Monday, September 4, 2017

The struggle is fractal

I came to think about fractal cultural forms when thinking about patron-client relations in Lebanon. Indeed I was thinking it before I came across the word fractal, while reading Marilyn Strathern, to refer to it. 
My  thinking about Lebanese patron-client relations was this. If class systems divided society between capitalist class and a working class. Clientelism did not divide Lebanese society between a class of Patrons and a class of clients. It was more that every client often was himself (mostly a he, but not exclusively) a patron to another layer of clients. As importantly, culturally, every client aspired to be a Patron of a network of. This was a crucial aspects of Lebanese Diasporic culture for me: so many migrants leave Lebanon cursing its clientelism and celebrating, if they are based in the west, the 'rights'-based access to social services etc... of their society of settlement, but no sooner do they accumulate some wealth that they begin to act, almost instinctively, at establishing a network of clients. It helps that 'right' based societies are nowhere near as right based as they appear and that there are always cracks and room for a lot of clientelism within them. Immigrants who have accumulated a certain amount of wealth often find themselves a niche in those cracks. But these immigrants also go back to Lebanon and use their wealth to establish new clientelism networks. Clientelism in this sense is a bit of generalised cultural disposition. You don't fight it by simply fighting against a delineated clientelist class. In this struggle every national space has room for clientelism. Indeed every scale and every dimension is infused with some form or another of clientelism that one needs to struggle against. Clientelism is a national and an international phenomenon, it is a social and a personal formation. It is that makes anti-clientelism a fractal struggle.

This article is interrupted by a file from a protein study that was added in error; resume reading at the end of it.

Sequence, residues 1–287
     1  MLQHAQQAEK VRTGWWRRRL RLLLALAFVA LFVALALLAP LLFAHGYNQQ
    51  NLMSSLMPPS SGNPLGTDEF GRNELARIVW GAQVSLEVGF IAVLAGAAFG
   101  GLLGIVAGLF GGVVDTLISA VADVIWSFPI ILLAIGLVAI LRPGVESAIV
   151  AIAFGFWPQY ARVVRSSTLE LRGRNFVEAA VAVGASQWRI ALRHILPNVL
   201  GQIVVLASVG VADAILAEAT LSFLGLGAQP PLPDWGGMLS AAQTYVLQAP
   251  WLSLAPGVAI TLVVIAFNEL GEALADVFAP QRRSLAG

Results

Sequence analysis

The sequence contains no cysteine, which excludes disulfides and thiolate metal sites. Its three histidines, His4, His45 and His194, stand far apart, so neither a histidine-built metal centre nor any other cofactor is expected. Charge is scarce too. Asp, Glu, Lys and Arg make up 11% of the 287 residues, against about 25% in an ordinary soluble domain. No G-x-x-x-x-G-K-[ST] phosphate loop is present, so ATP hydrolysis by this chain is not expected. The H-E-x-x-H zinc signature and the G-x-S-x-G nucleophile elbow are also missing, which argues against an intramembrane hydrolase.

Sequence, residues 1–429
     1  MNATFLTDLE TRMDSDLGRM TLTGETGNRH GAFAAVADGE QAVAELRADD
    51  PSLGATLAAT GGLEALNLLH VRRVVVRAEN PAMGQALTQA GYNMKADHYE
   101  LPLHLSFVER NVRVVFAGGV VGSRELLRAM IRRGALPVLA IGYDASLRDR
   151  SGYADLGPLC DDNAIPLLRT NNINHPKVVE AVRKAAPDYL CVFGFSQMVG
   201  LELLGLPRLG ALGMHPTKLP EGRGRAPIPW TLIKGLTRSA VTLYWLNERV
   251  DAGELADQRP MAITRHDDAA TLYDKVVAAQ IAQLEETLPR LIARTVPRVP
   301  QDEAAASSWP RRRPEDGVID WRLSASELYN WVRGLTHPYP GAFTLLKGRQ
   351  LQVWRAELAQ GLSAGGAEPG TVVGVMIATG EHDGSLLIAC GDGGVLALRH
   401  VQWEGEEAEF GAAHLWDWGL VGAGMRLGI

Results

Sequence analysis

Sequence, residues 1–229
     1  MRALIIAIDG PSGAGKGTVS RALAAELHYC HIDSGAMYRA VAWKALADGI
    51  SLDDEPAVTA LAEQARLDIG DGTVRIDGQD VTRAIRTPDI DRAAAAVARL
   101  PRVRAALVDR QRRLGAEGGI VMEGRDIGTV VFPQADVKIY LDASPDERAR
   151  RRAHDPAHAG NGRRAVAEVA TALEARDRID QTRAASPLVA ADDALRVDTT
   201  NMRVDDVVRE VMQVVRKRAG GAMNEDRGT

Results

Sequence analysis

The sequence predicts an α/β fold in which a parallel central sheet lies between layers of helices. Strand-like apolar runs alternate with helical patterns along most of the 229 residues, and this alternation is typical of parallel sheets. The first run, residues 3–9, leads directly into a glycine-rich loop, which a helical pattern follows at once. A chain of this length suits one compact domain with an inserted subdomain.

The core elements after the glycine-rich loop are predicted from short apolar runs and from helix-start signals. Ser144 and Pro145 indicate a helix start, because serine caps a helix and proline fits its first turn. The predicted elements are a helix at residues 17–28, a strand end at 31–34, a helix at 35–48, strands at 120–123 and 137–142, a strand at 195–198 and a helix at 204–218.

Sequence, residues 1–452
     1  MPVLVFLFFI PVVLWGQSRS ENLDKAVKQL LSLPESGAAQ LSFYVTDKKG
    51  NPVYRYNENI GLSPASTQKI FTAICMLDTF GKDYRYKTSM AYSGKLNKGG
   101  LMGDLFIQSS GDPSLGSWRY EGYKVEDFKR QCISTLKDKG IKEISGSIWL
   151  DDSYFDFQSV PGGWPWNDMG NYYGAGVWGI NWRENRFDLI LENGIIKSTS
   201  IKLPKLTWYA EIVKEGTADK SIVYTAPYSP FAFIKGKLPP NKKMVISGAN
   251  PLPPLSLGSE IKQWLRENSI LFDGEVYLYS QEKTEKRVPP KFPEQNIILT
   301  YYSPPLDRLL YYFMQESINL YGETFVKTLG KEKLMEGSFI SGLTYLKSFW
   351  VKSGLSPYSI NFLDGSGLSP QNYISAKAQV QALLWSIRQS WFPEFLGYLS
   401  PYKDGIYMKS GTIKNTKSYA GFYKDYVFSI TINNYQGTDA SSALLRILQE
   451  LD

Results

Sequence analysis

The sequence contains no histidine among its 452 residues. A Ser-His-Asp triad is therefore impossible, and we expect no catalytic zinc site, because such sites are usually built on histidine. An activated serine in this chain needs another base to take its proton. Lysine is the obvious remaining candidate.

I think many of our struggles today are fractal in this sense: one has to fight them in all spaces, and at all scales including within oneself. Anti-racism, anti-colonialism even anti-patriarchy. The feminist 'the personal is political', and the 68-ish slogan 'the change begins with you', seem all to denote an awareness of this fractal nature. And that in the struggle against racism one has to fight the way one has oneself internalised racist formations and the way they exist within us is acknowledged in all the classical writing beginning with Du Bois and Fanon.